Holiday entitlement and pay during coronavirus

Together we are Forbes

Article

14 May, 2020

The Government has recently produced guidance regarding holiday entitlement and the pay during coronavirus. The guidance has perhaps come slightly later than most employers would have hoped but thankfully there are no real surprises and is primarily clarifying issues that were already known.

In many ways the guidance is a summary of other pieces of existing legislation regarding holiday entitlement and pay. The guidance in particular sets out the rights for employers to require workers to take holiday or cancel existing holidays. Whilst this right for employers already existed within the Working Time Regulations this guidance provides useful and easy to understand guidance which workers who may questions decisions taken by employers can be directed to.

The guidance does provide some useful guidance on the factors employers should consider about whether it was reasonably practicable for an employee to take leave as a result of the coronavirus and so they can carry untaken holiday into future years, these include:

  • whether the business has faced a significant increase in demand due to coronavirus that would reasonably require the worker to continue to be at work and cannot be met through alternative practical measures;
  • the extent to which the business' workforce is disrupted by the coronavirus and the practical options available to the business to provide temporary cover of essential activities;
  • the health of the worker and how soon they need to take a period of rest and relaxation;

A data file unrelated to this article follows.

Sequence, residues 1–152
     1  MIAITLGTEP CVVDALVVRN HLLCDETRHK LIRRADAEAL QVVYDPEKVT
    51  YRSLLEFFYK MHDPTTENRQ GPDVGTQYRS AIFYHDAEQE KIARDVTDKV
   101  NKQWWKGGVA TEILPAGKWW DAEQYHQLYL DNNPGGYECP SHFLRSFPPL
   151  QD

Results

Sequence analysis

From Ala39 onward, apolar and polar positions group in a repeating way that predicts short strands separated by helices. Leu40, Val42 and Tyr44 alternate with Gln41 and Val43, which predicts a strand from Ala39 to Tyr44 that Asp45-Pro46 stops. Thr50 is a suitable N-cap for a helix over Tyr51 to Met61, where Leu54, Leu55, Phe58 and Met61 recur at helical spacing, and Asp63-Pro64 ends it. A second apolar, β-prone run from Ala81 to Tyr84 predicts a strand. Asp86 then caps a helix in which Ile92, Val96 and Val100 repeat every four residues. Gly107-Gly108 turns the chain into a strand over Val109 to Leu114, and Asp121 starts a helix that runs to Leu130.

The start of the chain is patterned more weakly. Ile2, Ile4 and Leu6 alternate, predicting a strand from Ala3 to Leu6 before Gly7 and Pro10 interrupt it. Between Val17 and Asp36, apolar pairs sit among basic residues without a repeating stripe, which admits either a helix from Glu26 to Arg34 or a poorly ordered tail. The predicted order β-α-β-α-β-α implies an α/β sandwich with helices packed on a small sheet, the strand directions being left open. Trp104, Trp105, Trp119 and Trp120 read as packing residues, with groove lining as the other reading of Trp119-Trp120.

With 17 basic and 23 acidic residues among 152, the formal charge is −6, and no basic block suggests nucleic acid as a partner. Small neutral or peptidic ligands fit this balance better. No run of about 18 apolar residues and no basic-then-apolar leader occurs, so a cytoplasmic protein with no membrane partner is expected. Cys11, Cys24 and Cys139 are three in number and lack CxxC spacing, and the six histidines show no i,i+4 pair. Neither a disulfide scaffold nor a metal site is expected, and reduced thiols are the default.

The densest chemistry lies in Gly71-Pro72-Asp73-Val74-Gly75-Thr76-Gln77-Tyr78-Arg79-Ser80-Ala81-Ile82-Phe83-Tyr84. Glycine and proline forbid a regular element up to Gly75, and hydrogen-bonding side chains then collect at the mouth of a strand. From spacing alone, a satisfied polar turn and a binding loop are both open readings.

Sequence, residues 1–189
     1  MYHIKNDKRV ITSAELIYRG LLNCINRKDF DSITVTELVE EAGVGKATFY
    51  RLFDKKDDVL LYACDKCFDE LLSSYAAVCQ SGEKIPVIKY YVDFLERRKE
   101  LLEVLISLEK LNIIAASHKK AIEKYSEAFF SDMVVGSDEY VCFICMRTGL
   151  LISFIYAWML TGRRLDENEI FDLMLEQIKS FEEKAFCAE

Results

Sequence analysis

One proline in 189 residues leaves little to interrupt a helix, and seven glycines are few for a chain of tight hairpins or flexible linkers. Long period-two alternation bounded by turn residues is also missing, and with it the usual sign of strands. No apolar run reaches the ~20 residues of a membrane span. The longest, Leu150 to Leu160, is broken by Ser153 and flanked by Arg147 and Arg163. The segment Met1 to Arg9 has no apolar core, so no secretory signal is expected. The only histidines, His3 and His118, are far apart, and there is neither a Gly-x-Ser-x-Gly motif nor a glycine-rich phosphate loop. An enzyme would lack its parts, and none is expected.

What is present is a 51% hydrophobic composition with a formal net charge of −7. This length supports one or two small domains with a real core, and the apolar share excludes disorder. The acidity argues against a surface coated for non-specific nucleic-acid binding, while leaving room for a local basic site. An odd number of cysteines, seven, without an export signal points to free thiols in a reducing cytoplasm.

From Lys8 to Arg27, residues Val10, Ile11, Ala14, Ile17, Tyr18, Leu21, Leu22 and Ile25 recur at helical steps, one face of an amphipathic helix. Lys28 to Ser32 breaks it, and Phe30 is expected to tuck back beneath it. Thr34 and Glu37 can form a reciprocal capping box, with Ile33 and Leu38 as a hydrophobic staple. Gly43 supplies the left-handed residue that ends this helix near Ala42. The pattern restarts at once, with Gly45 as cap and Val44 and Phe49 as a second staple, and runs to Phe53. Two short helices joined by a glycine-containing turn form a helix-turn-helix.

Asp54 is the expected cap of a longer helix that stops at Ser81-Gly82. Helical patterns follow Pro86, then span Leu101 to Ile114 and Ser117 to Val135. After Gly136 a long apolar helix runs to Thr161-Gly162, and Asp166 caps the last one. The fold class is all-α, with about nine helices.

• the length of time remaining in the worker's leave year, to enable the worker to take holiday at a later date within the leave year;
  • the extent to which the worker taking leave would impact on wider society's response to, and recovery from, the coronavirus situation; and
  • the ability of the remainder of the available workforce to provide cover for the worker going on leave.

It also suggests that best practice is to allow workers holiday that expires first and as carried forward holiday does not expire for 2 years then employees should use up their normal holiday entitlement first before using the carried over holiday entitlement, however employers can request that workers use their carried over holiday entitlement provided the employee receives their full normal annual holiday entitlement on top of this. Workers who also leave employment whilst still having carried over holiday will be entitled to receive payment in respect of those dates upon termination.

Finally in respect of carried over holiday entitlement it sets out that this class of holiday entitlement has additional protections and an employer can only prevent a worker from taking holiday on particular dates must have a "good reason". What a good reason may be is not set out within the guidance but as it is very rare for employers to refuse workers taking holiday without a good reason, such as due to the requested holiday being at a busy time for the business or other staff who are already on holiday, so it is unlikely this will be much of an issue for most employers.

The full guidance can be found at: https://www.gov.uk/guidance/holiday-entitlement-and-pay-during-coronavirus-covid-19.

For more information contact James Barron in our Employment & HR department via email or phone on 0161 918 0017. Alternatively send any question through to Forbes Solicitors via our online Contact Form.

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